The Immigration and Naturalization Service in Los Angeles appears to have won the confidence of the immigrant community by shifting away from its "border patrol mentality" and helping nearly 1 million eligible aliens gain temporary residence status, a Rand Corp. study has found.
In the past the INS, traditionally feared by illegal immigrants avoiding deportation, was the "cop on the beat, after the criminal," said Rand researcher Elizabeth Rolph, coauthor of the report released this week. In its new role, the INS has shifted to a client-centered approach, outreach campaigns and renewed assurances of confidentiality.
The report, "A Window on Immigration Reform: Implementing the Immigration Reform and Control Act in Los Angeles," examined the new law's two main provisions -- amnesty for illegal immigrants who resided in the United States before 1982 and penalties for employers intentionally hiring undocumented workers four years after its implementation.
"The INS did a surprisingly good job," coauthor and Rand researcher Abby Robyn said. "They obviously gained the confidence of the immigrant community."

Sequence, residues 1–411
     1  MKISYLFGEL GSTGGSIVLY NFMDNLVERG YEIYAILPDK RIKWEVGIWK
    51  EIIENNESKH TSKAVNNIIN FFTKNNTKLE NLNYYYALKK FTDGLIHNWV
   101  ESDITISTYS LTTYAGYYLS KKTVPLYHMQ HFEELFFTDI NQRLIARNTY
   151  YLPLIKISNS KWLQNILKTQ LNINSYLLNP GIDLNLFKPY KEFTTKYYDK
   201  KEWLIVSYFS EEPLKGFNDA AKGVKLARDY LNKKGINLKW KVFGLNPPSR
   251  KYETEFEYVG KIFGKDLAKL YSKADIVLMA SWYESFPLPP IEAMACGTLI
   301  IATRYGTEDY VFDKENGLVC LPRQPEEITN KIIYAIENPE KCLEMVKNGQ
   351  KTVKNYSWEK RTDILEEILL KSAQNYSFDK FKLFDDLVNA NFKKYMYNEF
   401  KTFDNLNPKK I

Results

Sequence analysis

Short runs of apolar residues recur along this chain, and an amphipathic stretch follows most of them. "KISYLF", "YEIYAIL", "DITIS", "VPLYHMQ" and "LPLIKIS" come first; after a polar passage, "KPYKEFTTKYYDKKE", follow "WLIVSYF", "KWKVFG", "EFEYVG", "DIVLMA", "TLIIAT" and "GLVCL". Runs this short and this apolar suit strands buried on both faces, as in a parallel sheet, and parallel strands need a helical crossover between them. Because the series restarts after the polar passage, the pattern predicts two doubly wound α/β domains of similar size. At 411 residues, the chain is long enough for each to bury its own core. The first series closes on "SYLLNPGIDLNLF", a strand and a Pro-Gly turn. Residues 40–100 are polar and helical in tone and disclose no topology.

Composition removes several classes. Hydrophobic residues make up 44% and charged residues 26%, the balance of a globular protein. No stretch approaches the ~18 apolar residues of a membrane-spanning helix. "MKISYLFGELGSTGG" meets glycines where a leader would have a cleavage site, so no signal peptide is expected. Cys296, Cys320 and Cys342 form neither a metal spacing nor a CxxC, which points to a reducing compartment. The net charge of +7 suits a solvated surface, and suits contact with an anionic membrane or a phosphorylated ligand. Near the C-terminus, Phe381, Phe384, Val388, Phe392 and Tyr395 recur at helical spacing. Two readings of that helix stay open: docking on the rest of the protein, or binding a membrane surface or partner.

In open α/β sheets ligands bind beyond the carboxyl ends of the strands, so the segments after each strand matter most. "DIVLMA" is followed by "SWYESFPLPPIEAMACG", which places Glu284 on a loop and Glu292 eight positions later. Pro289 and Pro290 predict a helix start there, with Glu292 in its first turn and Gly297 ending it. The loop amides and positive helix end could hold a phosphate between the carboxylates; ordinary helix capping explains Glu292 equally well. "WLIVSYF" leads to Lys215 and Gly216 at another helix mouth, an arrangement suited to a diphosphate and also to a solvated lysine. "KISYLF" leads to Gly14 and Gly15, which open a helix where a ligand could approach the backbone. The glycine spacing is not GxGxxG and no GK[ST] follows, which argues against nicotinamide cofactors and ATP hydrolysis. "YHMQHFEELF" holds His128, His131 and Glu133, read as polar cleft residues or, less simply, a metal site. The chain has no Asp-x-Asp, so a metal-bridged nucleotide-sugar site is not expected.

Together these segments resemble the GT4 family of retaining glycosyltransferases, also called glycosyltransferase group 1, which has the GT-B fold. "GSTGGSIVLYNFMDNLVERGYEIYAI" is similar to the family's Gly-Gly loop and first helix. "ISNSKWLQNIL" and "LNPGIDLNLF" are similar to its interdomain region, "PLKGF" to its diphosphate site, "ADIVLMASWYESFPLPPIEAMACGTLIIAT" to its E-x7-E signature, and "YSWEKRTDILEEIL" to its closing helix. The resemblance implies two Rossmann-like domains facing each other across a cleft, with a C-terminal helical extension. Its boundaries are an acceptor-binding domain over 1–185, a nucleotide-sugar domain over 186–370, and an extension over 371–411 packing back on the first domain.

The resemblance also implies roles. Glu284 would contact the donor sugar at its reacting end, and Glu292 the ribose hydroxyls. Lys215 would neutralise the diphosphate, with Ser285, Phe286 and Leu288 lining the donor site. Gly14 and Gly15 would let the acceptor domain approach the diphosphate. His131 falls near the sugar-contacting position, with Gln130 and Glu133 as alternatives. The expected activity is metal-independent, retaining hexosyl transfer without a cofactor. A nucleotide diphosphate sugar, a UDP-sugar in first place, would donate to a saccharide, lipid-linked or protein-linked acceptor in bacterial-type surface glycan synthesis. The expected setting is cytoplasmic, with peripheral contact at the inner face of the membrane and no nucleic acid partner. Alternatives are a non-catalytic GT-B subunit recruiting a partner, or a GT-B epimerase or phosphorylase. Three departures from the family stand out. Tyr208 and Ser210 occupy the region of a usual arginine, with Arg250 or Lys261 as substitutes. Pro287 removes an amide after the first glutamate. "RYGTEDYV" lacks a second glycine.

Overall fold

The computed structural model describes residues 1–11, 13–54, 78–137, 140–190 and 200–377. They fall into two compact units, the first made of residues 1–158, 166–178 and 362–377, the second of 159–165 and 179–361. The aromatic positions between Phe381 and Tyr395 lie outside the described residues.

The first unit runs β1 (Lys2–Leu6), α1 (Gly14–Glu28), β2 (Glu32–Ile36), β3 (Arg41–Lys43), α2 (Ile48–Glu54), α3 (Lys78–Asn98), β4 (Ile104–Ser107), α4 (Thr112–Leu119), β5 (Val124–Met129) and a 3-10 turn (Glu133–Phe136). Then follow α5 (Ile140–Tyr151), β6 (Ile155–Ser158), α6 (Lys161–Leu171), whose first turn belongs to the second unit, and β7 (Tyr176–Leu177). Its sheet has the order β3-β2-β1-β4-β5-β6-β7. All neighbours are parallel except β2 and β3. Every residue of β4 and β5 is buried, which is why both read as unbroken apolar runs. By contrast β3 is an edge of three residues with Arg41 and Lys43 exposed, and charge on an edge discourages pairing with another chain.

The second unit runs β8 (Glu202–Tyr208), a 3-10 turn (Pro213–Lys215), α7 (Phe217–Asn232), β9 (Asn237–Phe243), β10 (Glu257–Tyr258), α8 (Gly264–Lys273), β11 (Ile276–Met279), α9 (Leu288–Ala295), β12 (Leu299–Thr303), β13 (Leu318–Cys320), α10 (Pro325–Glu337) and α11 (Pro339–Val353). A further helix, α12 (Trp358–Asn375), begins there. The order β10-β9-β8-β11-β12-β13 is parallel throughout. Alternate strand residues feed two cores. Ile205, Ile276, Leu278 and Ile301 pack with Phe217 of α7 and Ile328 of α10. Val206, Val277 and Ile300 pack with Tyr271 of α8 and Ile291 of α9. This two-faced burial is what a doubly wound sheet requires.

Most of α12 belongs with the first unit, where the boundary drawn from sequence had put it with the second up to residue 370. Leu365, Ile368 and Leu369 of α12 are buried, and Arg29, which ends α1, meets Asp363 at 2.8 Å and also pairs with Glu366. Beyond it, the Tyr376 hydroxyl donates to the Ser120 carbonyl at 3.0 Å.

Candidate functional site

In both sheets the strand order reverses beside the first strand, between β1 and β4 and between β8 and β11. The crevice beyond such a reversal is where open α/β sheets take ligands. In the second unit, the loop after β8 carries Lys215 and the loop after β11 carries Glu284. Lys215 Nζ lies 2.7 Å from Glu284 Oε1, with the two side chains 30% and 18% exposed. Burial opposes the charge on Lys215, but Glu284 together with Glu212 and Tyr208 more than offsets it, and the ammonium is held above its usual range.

The report found that of the 1.2 million eligible aliens in the Los Angeles area, 1.1 million applied for temporary residence status and nearly 1 million were accepted. Eighty-six percent of the immigrants applying for legalization applied directly through the INS.
"While we haven't seen a marked decrease in illegalization, it's not the fault of the employer sanctions program," Rolph said.
Counterfeit documents, underfunding of the agency and the law's "sunset" provision -- the program is terminated if employers discriminate as a result of the sanctions -- are deterrents to an effective program, the study found.
Employers sometimes use the law to discriminate against all immigrant workers, critics have argued. The INS is responsible for establishing guidelines that maintain immigrant worker rights while eliminating job opportunities for illegal immigrants.
The report said the law "has provided the basis for mounting a very successful legalization program in Los Angeles. However, it has not provided the same sound structure for mounting an employer requirements program capable of substantially limiting the flow of illegal immigrants into the country."
The researchers suggested providing adequate funding, improving work documentation and improving conditions in the countries immigrants come from.
In the long run, Robyn said, the decisive factor for immigrants will be whether they fit into the "American way of life," becoming citizens, bringing their families to the United States and meeting family education and health needs.